Following a recent increase in bicyclist fatalities and injuries, Mayor Bill de Blasio announced Thursday a new effort to both encourage biking and to build a safe cycling infrastructure in the city.
So far this year, there have been 17 cycling fatalities, up from 10 in all of 2018. In response to the deaths, and under criticism for failing bikers, the city will spend $58.4 million over the next five years on a "Green Wave" cycling plan, focused on new bike lanes, redesigned intersections and stepped-up enforcement.
De Blasio, speaking at a public school in Bay Ridge, described the state of cycling in the city as a "crisis" and "emergency."
"We can never look at such a moment like this and think we can do things the same way," he said.
The program adds 30 miles of protected bike lanes each year, up from a 20-mile average the past three years; redesigns 50 intersections to make cyclists more visible; and adjusts traffic signals so that traffic moving at 15 miles per hour can pass through several consecutive green lights.
The city has drafted a map of its planned new bicycle lanes, which will require removing parking spaces "in the thousands," according to Polly Trottenberg, the city’s Department of Transportation commissioner.
There will be a concerted effort to expand the bike lane network with traditional and protected lanes in 10 new "bike priority districts" of Brooklyn and Queens that are sparse on such infrastructure but experience large numbers of serious injuries and fatalities involving cyclists. Twelve of the cyclists who died this year were struck in Brooklyn.
The new districts include parts of Corona, East Elmhurst and Jackson Heights in Queens, and Bay Ridge, Midwood, Sheepshead Bay and Brownsville in Brooklyn.
About 490,000 daily cycling trips are taken in New York City, according to the most recent city data, from 2017. Across the five boroughs, an average of about 0.98 percent of commutes were completed by bicycle that year, according to U.S. Census data. Ultimately, the city hopes 10 percent of all trips taken in New York City are made by bicycle by 2050.
The plan underwhelmed some advocates and elected officials, who believe de Blasio is not doing enough to promote alternative transportation to cars, like buses or bikes, or to crack down on dangerous driving behavior. More commuters have abandoned mass transit as per-capita car ownership increases and the app-based e-hail industry has exploded, bringing tens of thousands more professionally licensed vehicles onto city streets.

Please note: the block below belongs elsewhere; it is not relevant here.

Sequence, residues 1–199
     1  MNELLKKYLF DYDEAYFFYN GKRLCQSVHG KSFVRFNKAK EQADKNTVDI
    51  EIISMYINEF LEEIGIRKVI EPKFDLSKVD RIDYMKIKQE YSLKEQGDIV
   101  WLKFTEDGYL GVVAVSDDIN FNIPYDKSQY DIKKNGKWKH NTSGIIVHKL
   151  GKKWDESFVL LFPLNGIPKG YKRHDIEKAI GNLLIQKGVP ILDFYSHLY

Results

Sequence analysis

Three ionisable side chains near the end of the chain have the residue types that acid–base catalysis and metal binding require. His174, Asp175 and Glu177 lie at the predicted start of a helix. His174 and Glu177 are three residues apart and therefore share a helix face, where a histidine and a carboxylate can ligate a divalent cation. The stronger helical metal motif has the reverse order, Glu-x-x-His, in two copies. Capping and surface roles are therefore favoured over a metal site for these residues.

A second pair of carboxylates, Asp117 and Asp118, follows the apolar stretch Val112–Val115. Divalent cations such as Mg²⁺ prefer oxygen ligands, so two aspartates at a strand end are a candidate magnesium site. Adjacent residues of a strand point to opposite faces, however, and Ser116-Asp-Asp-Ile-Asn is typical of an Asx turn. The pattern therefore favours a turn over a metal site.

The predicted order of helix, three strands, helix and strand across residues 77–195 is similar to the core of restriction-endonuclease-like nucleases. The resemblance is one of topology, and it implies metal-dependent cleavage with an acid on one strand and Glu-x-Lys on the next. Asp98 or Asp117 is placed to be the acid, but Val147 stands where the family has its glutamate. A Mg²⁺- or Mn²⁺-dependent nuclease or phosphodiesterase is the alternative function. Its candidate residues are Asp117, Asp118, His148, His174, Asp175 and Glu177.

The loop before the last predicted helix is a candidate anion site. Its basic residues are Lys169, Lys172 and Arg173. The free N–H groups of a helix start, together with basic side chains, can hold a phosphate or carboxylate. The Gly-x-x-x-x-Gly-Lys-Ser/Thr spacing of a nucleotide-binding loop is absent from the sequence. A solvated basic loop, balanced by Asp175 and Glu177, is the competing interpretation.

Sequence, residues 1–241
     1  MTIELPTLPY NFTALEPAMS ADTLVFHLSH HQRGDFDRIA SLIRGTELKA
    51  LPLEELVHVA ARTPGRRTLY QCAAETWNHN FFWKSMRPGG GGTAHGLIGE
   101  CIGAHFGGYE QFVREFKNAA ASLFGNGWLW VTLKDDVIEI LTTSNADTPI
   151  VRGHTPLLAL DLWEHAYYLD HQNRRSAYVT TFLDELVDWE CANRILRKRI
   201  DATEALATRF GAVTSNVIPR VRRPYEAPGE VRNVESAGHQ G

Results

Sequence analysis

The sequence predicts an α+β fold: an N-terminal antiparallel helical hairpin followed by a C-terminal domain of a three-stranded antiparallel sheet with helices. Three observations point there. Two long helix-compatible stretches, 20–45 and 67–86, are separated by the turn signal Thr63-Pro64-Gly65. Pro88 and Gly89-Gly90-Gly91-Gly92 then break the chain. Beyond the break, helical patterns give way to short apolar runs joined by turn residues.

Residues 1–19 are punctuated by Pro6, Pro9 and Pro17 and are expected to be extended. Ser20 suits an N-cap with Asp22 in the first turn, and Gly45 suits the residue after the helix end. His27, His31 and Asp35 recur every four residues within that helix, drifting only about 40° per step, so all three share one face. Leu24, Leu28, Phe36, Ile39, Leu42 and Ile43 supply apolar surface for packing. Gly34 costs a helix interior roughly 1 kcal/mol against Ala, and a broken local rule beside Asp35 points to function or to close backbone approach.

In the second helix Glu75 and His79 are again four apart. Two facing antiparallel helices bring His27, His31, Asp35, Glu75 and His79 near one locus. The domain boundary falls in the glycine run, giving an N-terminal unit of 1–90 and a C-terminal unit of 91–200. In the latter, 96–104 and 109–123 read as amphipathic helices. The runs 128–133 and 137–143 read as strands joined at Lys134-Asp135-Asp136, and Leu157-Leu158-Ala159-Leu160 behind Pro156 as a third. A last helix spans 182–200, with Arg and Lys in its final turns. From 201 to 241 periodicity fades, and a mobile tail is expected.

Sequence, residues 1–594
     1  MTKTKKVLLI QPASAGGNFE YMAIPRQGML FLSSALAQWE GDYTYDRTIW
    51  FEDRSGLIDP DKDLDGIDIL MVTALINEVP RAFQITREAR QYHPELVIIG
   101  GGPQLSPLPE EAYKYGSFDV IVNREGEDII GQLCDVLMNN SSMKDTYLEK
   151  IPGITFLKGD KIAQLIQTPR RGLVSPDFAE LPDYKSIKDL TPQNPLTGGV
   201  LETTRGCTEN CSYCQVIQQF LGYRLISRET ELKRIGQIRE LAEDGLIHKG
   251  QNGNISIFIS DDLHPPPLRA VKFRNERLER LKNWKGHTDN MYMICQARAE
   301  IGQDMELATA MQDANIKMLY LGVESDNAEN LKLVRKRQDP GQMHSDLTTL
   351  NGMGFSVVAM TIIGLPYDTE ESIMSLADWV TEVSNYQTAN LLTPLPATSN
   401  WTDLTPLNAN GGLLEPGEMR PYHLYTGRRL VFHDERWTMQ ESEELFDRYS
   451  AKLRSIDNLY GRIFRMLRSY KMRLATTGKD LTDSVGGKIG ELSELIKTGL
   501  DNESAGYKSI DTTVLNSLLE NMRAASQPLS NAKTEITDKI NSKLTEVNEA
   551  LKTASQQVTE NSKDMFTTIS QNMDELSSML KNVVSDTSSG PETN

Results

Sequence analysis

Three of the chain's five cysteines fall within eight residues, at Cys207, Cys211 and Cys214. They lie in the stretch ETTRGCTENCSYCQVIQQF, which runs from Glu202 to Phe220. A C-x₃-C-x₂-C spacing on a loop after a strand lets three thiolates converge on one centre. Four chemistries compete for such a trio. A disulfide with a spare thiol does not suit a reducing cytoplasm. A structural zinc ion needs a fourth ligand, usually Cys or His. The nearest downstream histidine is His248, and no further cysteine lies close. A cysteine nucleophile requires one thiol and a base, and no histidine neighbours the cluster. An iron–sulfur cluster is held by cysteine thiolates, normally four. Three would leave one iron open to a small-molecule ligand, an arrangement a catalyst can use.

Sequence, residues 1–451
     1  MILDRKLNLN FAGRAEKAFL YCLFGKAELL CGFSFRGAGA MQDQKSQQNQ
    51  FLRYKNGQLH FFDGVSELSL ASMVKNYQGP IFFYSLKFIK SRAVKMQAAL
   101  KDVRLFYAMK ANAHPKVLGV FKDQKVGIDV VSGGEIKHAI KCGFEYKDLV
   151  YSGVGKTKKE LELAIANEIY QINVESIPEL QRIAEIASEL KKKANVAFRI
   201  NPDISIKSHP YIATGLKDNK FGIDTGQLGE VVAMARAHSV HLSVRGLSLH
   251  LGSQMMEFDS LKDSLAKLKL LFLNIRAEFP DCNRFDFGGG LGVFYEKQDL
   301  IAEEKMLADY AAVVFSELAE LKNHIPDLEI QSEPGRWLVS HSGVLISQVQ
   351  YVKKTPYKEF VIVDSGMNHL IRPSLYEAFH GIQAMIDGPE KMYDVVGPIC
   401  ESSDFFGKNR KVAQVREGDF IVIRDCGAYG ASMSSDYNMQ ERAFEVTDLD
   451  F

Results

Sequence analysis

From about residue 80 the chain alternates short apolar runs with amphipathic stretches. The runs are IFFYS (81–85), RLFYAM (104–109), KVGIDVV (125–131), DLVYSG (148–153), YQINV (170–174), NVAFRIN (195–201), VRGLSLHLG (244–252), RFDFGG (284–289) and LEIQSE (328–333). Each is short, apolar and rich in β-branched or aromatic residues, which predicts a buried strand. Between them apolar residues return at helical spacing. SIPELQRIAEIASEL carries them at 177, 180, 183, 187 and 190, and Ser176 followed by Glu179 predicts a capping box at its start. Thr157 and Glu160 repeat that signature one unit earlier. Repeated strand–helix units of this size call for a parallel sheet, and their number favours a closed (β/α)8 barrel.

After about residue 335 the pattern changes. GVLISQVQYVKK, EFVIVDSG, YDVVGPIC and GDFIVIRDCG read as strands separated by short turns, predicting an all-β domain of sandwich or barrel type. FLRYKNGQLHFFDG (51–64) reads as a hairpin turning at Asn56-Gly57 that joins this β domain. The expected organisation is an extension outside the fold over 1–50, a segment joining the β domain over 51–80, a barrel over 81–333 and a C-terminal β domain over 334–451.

"We must break car culture to protect cyclists in NYC," Brooklyn Councilman Antonio Reynoso said Thursday on Twitter. "[De Blasio’s] new bike plan — largely an expansion & acceleration of Vision Zero — falls short. Reckless drivers will continue to terrorize our streets until there’s a culture shift to prioritize pedestrians & cyclists."
But Transportation Alternatives, a leading advocacy group for cycling, supported the mayor for finally taking a step forward.
"We’re hopeful that this plan will get Vision Zero back on track and help alleviate the anxiety that comes with riding a bike lately in the five boroughs," said Marco Conner, deputy director at Transportation Alternatives. "And where more needs to be done to make New York City streets safe, we will continue to push at all levels of government."
The plan also comes with several policy commitments, including one to create new rules to encourage cargo bikes for commercial deliveries.
The de Blasio administration is also pledging to work with the City Council to expedite the community board process around bike lanes — specifically to eliminate waiting periods that must follow board presentations, which contribute to "monthslong delays" in construction, according to the city.
Council Speaker Corey Johnson appeared open to working with the administration. He said he supports the efforts, but will still push his bill to create five-year master plans for city streets.
“I thank Mayor de Blasio for listening to our voices on this and putting out a plan that recognizes that our streets are in crisis," Johnson said in a statement. "This is a major step forward as we work to become a more livable city where everyone has equal access to clean, safe, and efficient transportation options."
De Blasio still believes community boards should have a role in bike lane development and, when asked about fights over parking spaces that tend to arise, said safety would go first — though he didn’t fully commit to usurping opposing boards.
The mayor also continued to endorse his police crackdown on low-wage delivery workers — a large percentage of city cyclists — who he believes to be operating dangerous illegal e-bikes, even though data say otherwise.
“The mayor should focus on making streets truly safe for the city’s immigrant workers," said Do Lee, of the Biking Public Project. "We need real solutions that address street safety issues that face all cyclists, including delivery workers who die and are constantly put in danger from overpolicing and the city’s negligence.”